The Curious Incident of the Dog in the Night-Time Comes to Players By The Sea Theatre

Life on the spectrum is difficult to navigate when the interruption of every day stimuli can create a break in the road. The Curious Incident of the Dog in the Night-Time doesn’t focus on the limitations of living with autism rather it directs attention to the infinite possibilities of traversing the orbit of autism.

The reality of autistic teenager Christopher is shaken with the discovery of the neighbor’s dead dog, setting off a chain of events that reveals more than just the cause of death. It changes the course of Christopher’s life.

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Directed by Bradley Akers, The Curious Incident of the Dog in the Night-Time opens April 20 at Players by the Sea in Jacksonville Beach (www.playersbythesea.org). Akers is thrilled at the opportunity to bring the show to the PBTS Studio Stage for a fully immersive experience. “It’s so intimate and for a play that really gets into this young man’s mind, I think the studio stage allows us to bring the audience on an enhanced journey,” he says. “It’s a theatrical phenomenon the way that it’s produced because it’s so physical and it’s got so many high technology points that it’s really unlike anything you’ll ever see.” 

Akers was first introduced to the novel by Mark Haddon as part of a high school summer reading project. Since then, there has been many adaptations of the successful play, which earned a Tony Award in 2015 for Best Play. “I read the novel and instantly fell in love with it because I was so thankful and interested to be reading something that was about a young man on the spectrum, but it never said that, so it wasn’t necessarily about what he’s challenged with. It’s about how his brain works,” says Akers. “It’s was just interesting to finally read something about a young man’s mind and the lengths that he and his mind go to investigate and undercover truths.”

Christopher, a role inhabited by Drew Brown, embarks on a quest to uncover the circumstances surrounding the death of his neighbor’s dog. Against his father’s orders and his own self-imposed boundaries, he confronts a series of discoveries that inevitably lead to an emotional self-discovery.

“The motivation for him to find out who killed the dog is in the way he experiences the world and the way that he has to uncover things. Christopher is really into Sherlock Holmes and the investigational nature of things but he’s also into mathematics and science so the way that his brain works is already very linear and logical. He revels in achieving these very specific goals, so he sets up with the goal that he’s going to find out who killed Wellington, the dog,” says Akers.

“To investigate like Sherlock Holmes is really fascinating to Christopher and it allows him to use his gift in what he thinks is a very meaningful and helpful way even though everyone is against his doing this. He’s going to do it anyway not just to prove that he can, but that is a big question for him. Can I do anything I put my mind to? On the journey to find out what happens to the dog, he uncovers some much bigger things. It’s something that changes the entire course of his life.”

To fulfill his vision, Akers knew he needed to cast a strong and capable actor who could manage the physical and emotional demands of the role. He found that in Drew Brown, a veteran of local productions and playwright who developed and staged his original script Sentences as part of the first season of the New Voices program at PBTS.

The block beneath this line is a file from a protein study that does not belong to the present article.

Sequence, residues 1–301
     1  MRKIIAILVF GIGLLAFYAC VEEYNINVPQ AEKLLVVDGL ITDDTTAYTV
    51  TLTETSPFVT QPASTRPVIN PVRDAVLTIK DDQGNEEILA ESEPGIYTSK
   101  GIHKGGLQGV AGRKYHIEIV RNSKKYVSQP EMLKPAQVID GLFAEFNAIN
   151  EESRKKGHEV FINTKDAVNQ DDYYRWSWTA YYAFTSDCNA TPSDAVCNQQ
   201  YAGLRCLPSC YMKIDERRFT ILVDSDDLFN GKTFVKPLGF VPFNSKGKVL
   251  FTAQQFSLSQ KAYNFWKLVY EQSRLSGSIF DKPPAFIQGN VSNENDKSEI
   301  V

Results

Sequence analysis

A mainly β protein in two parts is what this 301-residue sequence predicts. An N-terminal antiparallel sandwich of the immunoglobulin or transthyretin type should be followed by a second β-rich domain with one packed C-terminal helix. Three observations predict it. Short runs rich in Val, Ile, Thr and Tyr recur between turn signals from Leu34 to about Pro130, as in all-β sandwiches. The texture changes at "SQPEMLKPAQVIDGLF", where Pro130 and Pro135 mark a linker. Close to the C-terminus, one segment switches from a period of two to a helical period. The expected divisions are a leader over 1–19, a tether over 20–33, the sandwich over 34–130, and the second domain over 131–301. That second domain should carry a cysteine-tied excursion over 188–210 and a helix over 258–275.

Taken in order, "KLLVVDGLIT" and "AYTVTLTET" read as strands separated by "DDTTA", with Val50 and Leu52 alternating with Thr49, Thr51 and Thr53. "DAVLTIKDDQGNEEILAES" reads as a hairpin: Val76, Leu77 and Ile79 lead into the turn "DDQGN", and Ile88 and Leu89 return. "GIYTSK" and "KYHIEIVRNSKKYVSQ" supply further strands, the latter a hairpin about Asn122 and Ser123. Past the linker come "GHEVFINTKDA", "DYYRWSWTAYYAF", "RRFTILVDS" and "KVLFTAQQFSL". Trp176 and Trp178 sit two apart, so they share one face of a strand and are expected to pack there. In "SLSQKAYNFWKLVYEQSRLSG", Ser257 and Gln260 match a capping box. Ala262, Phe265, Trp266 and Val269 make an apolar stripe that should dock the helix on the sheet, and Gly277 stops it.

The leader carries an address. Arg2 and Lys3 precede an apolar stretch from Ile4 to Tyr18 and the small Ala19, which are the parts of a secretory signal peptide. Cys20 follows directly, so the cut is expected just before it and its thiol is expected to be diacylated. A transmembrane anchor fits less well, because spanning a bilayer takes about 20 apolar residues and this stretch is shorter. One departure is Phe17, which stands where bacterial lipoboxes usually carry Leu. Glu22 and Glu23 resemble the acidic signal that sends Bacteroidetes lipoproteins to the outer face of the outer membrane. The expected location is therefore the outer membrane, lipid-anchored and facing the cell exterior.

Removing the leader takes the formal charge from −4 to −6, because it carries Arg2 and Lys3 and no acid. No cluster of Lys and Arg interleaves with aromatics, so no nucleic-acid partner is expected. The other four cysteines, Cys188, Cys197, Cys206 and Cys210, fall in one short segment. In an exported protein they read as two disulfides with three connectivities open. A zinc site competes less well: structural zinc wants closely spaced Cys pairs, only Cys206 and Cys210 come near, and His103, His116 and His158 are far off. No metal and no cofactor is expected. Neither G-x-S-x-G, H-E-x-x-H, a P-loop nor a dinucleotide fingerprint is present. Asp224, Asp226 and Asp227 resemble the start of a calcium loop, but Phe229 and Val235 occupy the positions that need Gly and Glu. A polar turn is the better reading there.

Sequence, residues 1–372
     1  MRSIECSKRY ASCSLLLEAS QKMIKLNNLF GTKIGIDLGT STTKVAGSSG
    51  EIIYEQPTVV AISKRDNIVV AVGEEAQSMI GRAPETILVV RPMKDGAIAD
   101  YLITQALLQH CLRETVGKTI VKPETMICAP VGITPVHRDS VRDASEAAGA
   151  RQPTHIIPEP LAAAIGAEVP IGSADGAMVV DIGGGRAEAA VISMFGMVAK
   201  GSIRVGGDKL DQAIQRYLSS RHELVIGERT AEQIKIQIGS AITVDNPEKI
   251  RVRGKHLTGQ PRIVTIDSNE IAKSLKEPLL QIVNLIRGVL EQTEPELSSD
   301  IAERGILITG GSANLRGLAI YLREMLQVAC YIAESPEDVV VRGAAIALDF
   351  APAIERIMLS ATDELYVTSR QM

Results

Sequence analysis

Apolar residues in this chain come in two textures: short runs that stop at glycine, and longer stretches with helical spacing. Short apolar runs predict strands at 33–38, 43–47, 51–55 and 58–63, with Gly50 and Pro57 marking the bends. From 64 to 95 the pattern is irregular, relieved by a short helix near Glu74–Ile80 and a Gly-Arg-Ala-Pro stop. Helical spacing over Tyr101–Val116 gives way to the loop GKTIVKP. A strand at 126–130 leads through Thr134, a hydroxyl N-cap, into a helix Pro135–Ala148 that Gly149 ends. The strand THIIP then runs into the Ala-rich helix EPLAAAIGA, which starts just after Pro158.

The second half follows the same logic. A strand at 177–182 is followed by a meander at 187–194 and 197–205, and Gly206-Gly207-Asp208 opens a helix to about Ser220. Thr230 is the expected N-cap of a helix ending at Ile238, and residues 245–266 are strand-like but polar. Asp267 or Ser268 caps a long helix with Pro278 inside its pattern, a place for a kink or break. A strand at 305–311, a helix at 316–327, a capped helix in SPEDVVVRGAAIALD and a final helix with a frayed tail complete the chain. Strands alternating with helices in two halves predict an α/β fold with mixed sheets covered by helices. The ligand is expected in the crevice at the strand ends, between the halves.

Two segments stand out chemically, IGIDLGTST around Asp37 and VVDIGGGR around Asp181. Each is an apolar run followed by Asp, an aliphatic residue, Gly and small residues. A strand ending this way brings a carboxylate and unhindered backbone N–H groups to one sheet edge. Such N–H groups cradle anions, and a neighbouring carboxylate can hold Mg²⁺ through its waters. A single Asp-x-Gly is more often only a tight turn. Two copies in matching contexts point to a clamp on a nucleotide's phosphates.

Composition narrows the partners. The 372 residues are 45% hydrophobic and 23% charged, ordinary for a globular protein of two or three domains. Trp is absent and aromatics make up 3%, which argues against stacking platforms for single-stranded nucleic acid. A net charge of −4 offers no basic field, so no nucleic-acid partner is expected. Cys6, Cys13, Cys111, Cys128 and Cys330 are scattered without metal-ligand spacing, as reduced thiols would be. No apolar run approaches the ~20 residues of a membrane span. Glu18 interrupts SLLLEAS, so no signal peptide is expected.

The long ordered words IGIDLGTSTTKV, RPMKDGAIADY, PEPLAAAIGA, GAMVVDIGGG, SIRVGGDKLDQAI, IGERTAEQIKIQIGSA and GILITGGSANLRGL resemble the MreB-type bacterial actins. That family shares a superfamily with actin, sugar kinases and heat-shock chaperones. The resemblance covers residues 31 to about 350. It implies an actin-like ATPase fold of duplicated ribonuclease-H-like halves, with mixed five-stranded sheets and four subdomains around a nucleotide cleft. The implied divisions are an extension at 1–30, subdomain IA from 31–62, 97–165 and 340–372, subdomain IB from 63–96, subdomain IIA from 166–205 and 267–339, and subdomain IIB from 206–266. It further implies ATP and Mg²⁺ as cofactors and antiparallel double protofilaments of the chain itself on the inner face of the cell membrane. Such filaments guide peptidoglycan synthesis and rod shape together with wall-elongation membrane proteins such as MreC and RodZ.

“Drew, as an actor, is one of the invested, focused and truly transforming performers that I’ve ever come across. He embodies Christopher with every last part of him. It’s a highly challenging role for him because of Christopher being on the spectrum and the way that he experiences emotion is a challenge in and of itself. Additionally, this is a really physical show, so I’ve asked Drew to do some really incredible things with his body that are tough to do. From the moment the play starts, he is on stage every second of the show until the very end. It’s emotionally and physically exhausting.”

As in Haddon’s original novel, the stage adaptation doesn’t confront the issue of autism head on or address the realities of living on the spectrum in a way that is clinical or judgmental. The script is boosted by projection mapping to visually transform the studio space and deliver a perspective of life on the spectrum that is both honest and authentic.

“It took a lot of research and a lot of discussion about what elements we could add that is not going to hit the audience over the head with it because I’m not interested in doing that. For Drew, he has to deliver a lot of physicality and a lot of Christopher’s emotional and mental state when there is so much information coming at him at once and he has to compartmentalize that,” Akers says. “For Christopher and others on the spectrum, it’s very difficult to weed through all the information. He has to deal with one thing and then move on to the next thing. So, we’re finding a lot of that structure within the script. Every little thing that happens in the play is how he recalls it or wants it to be. So, if Christopher recalls someone just wearing a vest and a hat, if that’s all he sees, that’s all they’re going to have. His mind is really manipulating how the story unfolds.

“At the end, Christopher repeats a sentence a couple of times. He’s asking his mentor ‘does this mean I can do anything?’ I’m hoping that people will understand that this is a story about the resilience of the mind, that truly no matter what stands in your way, the mind is absolutely extraordinary and if you follow, pursue and push, you really are capable of anything.”

About Liza Mitchell

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